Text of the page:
It was, therefore, a bit of a surprise when no azalea festival was announced for this April. I needn’t have worried for this May week-end Borgo has put on a truly dazzling day of flowers which in some respects is even better than the azalea displays.

There are contributions from every borgo or village in the comune of Borgo, streets events and art displays. Car-parking is, as usual easy in the Penny Market supermarket park and the catering includes everything from lampredotto to zucchero filato.

With these climatically somewhat unpredictable days there was a sharp tempestuous shower in the afternoon but, at least the flowers on show appreciated it! Judge for yourselves.

The old town turned itself into a flower garden, thanks to arrangements arranged by local florists, associations and schools. I especially liked the Vespa display with 1969 original trappings including flower-title 45 rpm records and a dansette gramophone.

Even door handles were decorated.

There were many handicraft stalls.

Even restaurants offered flower-themed menus. I think anyone who has stayed in Italy will have tasted how delicious courgette flowers and even dandelions are when fried in batter.

Simonetta Cassai hosted an exhibition of paintings which highlighted what progress her students had made in the art course held there.

I loved these boxed 3-D pictures which a local teacher also uses for elementary school activities.

The Municipal Library held a photographic exhibition.

Activities starting from Borgo included a trek up to Monte Bargiglio which I have described at

https://longoio2.wordpress.com/2014/10/15/the-eye-of-lucca/

The Monte Agliale Astronomical Observatory will also be open during the evenings of the festival, welcoming visitors to discover the wonders of the sky if the clouds we’ve been recently having permit,

There are also treks along the Gothic Line which I have described at:

https://longoio2.wordpress.com/2016/04/15/catching-the-train-at-borgo-a-mozzano/

For more information on the festival look at the web site at

http://www.giardinoazalea.it

It’s an event that you cannot afford to miss if you are in the Lucchesia and entry is free too!

Lucca Summer Festival Dates

THE ONLY ITALIAN ROLLING STONES DATE AT LUCCA’S SUMMER FESTIVAL

The Summer Festival celebrates twenty years of uninterrupted activity thanks to the foresight of its patron Mimmo D’Alessandro, who this year is presenting in Lucca’s Piazza Napoleone some of the greatest names in pop music.

The Rolling Stones, who in September and October will be on the “STONES – NO FILTER” tour in Europe, will perform at the Lucca Summer Festival on their only Italian date on September 23rd at 9.30 pm.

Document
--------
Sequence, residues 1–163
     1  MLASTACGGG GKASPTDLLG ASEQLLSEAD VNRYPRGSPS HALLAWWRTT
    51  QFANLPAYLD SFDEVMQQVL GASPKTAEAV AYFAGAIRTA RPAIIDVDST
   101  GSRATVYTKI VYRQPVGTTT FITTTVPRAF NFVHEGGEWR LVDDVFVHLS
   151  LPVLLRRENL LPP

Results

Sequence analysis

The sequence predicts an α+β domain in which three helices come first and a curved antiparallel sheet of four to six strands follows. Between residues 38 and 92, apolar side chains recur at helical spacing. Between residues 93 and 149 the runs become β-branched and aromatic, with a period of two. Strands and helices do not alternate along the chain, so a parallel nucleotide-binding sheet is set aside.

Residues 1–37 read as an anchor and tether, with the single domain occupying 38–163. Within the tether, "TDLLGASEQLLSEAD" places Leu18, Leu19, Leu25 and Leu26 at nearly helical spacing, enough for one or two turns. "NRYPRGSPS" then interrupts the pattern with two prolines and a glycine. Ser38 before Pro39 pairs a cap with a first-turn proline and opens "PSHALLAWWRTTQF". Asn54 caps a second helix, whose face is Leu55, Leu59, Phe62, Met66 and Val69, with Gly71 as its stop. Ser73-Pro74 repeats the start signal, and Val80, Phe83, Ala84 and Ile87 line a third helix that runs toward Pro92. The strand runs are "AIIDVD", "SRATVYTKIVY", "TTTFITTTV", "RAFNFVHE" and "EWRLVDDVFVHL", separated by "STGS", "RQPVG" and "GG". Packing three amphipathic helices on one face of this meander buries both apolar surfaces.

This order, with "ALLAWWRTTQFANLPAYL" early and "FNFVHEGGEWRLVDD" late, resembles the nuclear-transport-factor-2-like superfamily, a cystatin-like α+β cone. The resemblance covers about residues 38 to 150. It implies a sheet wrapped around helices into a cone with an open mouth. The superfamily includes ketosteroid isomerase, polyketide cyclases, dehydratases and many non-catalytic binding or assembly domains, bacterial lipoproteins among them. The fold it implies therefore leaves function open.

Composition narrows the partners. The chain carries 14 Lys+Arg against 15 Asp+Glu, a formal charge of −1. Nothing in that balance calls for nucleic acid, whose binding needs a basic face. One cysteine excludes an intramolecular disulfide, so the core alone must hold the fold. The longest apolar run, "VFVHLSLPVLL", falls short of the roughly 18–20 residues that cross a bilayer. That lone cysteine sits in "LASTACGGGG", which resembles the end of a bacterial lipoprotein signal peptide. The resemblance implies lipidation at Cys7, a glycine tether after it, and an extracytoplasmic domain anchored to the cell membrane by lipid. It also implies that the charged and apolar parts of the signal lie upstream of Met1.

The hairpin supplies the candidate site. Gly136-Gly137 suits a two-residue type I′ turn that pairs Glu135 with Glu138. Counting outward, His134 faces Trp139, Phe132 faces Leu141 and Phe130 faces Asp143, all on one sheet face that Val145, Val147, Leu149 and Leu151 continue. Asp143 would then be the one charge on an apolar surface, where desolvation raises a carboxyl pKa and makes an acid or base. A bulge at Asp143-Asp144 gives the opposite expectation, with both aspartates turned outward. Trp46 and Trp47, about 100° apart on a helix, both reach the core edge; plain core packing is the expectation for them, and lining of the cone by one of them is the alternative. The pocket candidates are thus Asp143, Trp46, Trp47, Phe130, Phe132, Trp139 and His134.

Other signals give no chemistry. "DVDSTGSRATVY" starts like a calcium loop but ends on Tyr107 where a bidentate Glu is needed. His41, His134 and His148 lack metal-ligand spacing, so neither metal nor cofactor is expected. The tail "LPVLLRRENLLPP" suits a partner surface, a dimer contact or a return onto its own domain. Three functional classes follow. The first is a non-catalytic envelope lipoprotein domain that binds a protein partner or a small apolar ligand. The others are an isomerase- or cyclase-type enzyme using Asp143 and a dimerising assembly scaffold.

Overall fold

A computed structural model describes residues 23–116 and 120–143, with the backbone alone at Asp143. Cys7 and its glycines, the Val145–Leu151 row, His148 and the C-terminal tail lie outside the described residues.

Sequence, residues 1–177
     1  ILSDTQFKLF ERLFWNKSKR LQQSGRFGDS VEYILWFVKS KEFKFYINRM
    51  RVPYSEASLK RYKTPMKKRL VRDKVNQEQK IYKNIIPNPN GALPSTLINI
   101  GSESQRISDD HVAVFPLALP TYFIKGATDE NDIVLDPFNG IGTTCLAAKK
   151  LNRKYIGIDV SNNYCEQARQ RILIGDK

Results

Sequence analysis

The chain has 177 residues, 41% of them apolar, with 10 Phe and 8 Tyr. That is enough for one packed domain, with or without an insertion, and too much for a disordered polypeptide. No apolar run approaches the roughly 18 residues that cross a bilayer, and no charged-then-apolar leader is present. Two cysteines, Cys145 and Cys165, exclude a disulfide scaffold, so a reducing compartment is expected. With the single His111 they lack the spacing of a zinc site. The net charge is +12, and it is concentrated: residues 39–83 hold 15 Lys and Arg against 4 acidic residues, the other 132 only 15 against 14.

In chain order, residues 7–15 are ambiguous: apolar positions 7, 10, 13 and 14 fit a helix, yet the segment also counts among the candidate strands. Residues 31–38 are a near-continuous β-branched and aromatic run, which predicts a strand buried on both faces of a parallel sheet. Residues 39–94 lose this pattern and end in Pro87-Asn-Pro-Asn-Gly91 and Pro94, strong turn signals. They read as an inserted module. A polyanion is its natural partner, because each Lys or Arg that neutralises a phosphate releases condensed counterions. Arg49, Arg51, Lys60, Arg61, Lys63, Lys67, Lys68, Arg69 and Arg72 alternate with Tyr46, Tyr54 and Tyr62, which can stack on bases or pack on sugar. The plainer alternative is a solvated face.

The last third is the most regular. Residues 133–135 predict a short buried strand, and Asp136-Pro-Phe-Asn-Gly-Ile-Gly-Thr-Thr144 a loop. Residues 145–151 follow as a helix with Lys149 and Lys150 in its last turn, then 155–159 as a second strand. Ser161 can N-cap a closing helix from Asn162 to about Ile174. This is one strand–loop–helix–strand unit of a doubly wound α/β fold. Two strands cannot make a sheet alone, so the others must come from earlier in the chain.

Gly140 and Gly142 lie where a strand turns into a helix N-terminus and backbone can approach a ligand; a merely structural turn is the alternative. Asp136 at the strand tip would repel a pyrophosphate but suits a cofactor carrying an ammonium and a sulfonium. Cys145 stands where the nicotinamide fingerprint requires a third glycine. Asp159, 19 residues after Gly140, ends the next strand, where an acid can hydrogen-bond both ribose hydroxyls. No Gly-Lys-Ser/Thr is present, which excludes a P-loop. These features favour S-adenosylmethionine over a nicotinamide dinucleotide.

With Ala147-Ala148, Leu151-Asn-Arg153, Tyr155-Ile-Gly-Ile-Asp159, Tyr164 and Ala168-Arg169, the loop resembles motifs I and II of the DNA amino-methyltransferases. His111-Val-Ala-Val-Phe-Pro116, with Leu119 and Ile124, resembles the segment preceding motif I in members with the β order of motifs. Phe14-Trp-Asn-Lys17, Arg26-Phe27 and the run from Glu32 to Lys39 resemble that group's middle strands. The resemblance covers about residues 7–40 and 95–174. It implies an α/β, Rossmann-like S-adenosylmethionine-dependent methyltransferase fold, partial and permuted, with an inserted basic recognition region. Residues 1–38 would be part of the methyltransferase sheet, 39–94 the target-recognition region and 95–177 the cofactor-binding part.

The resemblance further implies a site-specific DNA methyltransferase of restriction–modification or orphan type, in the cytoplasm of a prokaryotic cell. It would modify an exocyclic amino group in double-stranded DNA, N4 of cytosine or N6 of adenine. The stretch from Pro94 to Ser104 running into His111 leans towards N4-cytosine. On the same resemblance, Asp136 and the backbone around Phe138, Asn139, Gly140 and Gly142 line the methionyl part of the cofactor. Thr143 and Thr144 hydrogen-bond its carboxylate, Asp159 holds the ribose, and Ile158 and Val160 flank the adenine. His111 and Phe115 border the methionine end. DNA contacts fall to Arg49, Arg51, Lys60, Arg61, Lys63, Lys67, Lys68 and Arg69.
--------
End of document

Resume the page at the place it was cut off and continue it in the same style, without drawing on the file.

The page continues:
The concert will take place in a location never used before. It will have as its backdrop the wonderful Medieval Walls, a famous symbol of the city, which have just celebrated their five hundred years. The evening will also celebrate the Lucca Summer Festival twentieth birthday.

Tickets for sale at http://www.ticketone.it

Advanced bookings TicketOne – Infoline 0584.46477

BOOK AT OUR SITE AND AVOID TICKET TOUTS

TRIBUTE TO THE THREE TENORS WITH “VOLO”

The three tenors’ IL VOLO ‘Notte Magica’ Tour, which premiered on March 4 at Radio City Music Hall in New York, arrives at the Lucca Summer Festival on July 21st at 9.30 pm. After dates already announced in the main Italian and European cities, Piero Barone, Ignazio Boschetto and Gianluca Ginoble will continue to enchant their audience with further concerts in the most picturesque Italian locations in July.

Tickets for sale at http://www.ticketone.it

Advanced bookings TicketOne – Infoline 0584.46477

PET SHOP BOYS

After the huge success of the first part of their ‘Super’ World Tour held last autumn, the Pet Shop Boys return to perform at major European Festivals, including the Lucca Summer Festival on July 31st at 9.30 pm. For over twenty-five years Pet Shop Boys have been regarded as innovators of modern live music shows incorporating multimedia and theatrical elements into their productions. In this tour they will perform an incredible show full of movies, costumes, light games, lasers, choreographies, songs from the latest ‘Super’ album and, of course, many hits. Live arrangements were created along with Stuart Price who produced the Super album. The show is designed and directed by Es Devlin with choreographies by Lynne Page.

Tickets for sale at http://www.ticketone.it

Advanced bookings TicketOne – Infoline 0584.